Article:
ever-in-kensal-green-cemetery

Favourite book in 2016?
I re-read ‘Annihilation‘ by Jeff VanderMeer for book group and loved it all over again – it’s unnerving, disturbing and beautiful. Definitely one I’ll keep returning to.

If ‘Annihilation‘ is one of the best novels I’ve read, ‘The Lonely City‘ by Olivia Laing is one of the best non-fiction books I’ve had the pleasure to immerse myself in; a brilliant incisive book that faces the taboo of loneliness head-on.

I was going to mention Naomi Alderman’s novel ‘The Power‘, but I’ve written about that elsewhere, so instead I’ll highlight my favourite short story of 2016 – Ted Chiang’s ‘Story of Your Life‘ (the Denis Villenueve film ‘Arrival‘ was based on it). I stumbled across this truly stunning, well-crafted story in a sci-fi omnibus. It’s a fascinating slow-burner that’s both a cerebral and an emotional journey and it blew me away.

Favourite film in 2016?
Without a doubt, it has to be ‘High Rise‘. I’m a JG Ballard fan and this felt like the perfect adaptation of his novel. Amy Jump and Ben Wheatley really brought the novel to life, injecting it with wry humour. The acting was all superb (if I was to cast my fantasy movie version of ‘Goblin‘ it would include most of the cast from ‘High Rise‘) and the design was delicious. It’s a very relevant film, and Portishead’s melancholy SOS sums up how many people feel about 2016.

I also adore Karyn Kusama’s ‘The Invitation‘, which seriously creeped me out. The less you know about it the better – just get your hands on it.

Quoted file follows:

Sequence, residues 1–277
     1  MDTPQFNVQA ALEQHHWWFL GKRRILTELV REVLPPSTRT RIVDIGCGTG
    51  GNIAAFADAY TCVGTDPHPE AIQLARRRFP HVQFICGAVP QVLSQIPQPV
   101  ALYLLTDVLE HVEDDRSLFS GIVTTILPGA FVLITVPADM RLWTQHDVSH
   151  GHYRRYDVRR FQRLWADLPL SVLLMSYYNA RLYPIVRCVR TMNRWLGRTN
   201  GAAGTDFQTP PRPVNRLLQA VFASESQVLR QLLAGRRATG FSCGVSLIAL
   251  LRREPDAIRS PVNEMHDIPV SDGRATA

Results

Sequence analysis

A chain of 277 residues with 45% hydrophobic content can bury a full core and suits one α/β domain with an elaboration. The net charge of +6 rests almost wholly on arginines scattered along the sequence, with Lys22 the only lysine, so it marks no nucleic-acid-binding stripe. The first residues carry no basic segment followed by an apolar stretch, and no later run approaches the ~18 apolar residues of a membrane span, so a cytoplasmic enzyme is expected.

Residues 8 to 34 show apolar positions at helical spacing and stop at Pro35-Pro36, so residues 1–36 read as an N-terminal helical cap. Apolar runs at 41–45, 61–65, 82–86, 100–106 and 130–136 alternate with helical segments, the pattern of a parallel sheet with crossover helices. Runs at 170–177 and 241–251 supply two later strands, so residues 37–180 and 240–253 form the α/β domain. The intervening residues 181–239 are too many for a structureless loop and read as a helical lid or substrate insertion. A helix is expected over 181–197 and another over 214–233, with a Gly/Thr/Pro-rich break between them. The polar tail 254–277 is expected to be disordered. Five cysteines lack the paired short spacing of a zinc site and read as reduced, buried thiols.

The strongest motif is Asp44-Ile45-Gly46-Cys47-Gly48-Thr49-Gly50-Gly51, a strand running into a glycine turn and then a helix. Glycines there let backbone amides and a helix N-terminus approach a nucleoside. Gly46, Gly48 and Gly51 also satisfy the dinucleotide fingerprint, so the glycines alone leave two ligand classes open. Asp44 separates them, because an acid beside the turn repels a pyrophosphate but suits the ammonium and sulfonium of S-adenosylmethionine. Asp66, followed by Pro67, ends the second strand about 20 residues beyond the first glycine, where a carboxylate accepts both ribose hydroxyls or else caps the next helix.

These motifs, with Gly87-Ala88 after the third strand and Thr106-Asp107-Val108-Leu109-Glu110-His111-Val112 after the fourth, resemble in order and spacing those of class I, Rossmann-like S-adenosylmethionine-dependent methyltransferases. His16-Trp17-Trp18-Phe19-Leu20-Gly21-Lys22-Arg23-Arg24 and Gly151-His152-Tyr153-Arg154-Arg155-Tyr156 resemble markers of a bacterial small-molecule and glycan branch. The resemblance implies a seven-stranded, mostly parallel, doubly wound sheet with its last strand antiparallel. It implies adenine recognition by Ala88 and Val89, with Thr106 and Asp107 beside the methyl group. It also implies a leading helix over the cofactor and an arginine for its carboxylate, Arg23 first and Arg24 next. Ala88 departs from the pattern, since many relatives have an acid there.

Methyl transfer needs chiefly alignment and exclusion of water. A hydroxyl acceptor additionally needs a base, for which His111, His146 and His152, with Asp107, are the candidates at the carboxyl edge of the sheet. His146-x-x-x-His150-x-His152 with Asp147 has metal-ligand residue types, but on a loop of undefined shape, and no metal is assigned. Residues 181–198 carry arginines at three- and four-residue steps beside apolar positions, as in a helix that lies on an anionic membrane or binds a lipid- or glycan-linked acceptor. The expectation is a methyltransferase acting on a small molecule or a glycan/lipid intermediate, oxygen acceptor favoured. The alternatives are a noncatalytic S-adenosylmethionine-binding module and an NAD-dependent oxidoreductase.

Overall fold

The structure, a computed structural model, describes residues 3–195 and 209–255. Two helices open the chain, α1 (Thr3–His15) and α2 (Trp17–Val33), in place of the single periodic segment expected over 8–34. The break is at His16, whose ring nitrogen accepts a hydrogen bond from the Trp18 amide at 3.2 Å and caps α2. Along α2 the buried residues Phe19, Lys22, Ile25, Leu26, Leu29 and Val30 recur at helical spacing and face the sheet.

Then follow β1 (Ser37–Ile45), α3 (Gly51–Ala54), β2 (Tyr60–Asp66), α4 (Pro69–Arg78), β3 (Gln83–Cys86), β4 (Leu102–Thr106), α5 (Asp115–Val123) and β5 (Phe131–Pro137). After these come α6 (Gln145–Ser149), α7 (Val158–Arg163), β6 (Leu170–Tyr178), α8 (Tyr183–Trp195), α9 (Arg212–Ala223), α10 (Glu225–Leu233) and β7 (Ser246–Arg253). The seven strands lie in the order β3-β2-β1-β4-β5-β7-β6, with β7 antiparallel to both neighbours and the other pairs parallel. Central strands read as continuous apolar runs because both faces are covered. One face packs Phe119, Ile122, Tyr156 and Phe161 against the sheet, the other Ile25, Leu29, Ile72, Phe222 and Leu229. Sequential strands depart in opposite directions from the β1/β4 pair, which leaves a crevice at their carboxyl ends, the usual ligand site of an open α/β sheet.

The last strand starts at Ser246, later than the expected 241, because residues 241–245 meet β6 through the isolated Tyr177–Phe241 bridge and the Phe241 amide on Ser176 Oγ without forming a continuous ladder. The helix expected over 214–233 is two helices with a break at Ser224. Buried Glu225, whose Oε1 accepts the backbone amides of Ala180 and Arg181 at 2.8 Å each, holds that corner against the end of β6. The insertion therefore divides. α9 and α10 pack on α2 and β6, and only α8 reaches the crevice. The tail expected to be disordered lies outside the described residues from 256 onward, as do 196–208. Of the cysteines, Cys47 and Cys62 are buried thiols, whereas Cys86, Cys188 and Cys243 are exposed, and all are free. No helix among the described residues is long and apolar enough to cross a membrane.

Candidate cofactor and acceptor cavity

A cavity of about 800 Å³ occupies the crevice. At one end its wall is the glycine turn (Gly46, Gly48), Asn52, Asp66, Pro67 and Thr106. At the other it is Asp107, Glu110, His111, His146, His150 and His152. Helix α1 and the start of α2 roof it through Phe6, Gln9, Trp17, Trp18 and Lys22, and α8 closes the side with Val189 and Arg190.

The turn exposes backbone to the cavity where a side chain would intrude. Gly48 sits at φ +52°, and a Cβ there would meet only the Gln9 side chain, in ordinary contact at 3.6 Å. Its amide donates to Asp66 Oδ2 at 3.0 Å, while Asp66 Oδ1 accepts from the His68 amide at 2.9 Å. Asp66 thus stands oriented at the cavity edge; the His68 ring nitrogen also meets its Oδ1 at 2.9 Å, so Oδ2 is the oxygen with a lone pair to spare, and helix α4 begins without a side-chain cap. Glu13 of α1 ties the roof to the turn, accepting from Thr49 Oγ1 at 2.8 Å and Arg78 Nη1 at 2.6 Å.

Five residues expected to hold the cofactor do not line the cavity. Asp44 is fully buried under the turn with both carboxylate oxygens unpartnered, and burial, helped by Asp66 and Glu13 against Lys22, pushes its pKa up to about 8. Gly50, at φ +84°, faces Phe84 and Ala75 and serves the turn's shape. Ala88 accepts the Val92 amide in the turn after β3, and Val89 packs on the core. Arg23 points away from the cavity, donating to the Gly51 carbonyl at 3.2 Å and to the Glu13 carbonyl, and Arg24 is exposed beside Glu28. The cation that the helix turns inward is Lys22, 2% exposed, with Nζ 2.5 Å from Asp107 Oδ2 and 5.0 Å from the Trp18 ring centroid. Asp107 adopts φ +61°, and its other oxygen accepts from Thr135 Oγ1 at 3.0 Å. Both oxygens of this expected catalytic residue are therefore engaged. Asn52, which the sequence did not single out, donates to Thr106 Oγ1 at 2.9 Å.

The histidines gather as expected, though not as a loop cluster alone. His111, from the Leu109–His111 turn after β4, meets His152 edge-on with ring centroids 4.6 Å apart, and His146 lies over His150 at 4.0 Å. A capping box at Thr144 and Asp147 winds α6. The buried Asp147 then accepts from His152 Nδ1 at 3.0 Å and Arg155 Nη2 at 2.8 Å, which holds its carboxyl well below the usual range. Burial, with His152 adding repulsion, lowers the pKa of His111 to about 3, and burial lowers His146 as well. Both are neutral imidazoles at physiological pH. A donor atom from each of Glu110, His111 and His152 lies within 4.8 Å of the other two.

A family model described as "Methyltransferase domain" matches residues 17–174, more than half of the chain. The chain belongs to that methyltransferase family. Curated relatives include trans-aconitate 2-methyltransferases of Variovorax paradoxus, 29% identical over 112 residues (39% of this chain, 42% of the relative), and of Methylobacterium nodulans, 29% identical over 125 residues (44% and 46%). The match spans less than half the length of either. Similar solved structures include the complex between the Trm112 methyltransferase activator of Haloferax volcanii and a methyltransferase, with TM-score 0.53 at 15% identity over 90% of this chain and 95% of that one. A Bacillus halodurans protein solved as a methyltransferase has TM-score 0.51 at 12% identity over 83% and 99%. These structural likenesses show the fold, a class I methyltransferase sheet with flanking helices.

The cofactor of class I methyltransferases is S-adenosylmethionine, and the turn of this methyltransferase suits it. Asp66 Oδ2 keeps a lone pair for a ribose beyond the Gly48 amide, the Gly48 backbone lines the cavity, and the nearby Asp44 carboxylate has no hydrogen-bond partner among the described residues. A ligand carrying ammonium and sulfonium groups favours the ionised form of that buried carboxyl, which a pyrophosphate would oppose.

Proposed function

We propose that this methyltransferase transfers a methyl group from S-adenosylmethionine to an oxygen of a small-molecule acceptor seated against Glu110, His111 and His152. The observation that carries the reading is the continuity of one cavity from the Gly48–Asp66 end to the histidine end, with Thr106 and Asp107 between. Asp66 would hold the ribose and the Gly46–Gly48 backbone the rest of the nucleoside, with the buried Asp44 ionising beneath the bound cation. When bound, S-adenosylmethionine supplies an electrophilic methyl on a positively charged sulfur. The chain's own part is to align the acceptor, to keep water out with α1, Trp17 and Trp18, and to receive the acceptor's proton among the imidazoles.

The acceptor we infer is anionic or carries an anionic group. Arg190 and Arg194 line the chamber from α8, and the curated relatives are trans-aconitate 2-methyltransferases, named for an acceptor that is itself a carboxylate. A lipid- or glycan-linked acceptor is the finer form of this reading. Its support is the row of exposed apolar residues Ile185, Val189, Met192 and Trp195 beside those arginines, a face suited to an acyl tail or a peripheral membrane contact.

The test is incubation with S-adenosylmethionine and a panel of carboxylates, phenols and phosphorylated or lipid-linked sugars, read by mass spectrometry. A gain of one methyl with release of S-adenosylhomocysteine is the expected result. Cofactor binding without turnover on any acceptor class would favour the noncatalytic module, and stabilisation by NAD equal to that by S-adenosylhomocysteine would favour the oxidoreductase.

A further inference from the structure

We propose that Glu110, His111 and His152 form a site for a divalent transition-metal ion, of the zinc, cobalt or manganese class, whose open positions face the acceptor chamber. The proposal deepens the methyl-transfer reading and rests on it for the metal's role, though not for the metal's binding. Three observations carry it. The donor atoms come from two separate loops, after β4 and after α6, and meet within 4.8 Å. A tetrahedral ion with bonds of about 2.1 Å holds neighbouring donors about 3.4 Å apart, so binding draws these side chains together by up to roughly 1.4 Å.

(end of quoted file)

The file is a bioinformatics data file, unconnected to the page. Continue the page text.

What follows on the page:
Favourite song of the year?
I’ve had Sia’s ‘Elastic Heart‘ on repeat. The video with Maddie Ziegler and Shia LaBeouf is very powerful.

Any downsides for you in 2016?
The world is on fire.

Are you making resolutions for 2017?
Use social media differently. I find it sucks up too much of my headspace – I need more time to think.

What are you hoping for from 2017?
My first novel, ‘Goblin‘, comes out in 2017 and I’m hoping it will do well enough for me to continue in my career as a writer.

I hope I can help put out the 2016 fire in any small way I can. I will raise awareness of disability and chronic illness and how broken and needlessly punitive the benefits system is. I will work to eradicate speciesism and I will be a voice that celebrates difference, multiplicity and complexity. As Joanna Bourke said, here’s to “being more than human.”

Review of 2016: Matt Wesolowski

Over the past twelve months, my path has crossed with Matt Wesolowski’s on a few occasions. Matt is an author from Newcastle-Upon-Tyne and he leads Cuckoo Young Writers creative writing workshops for young people in association with New Writing North.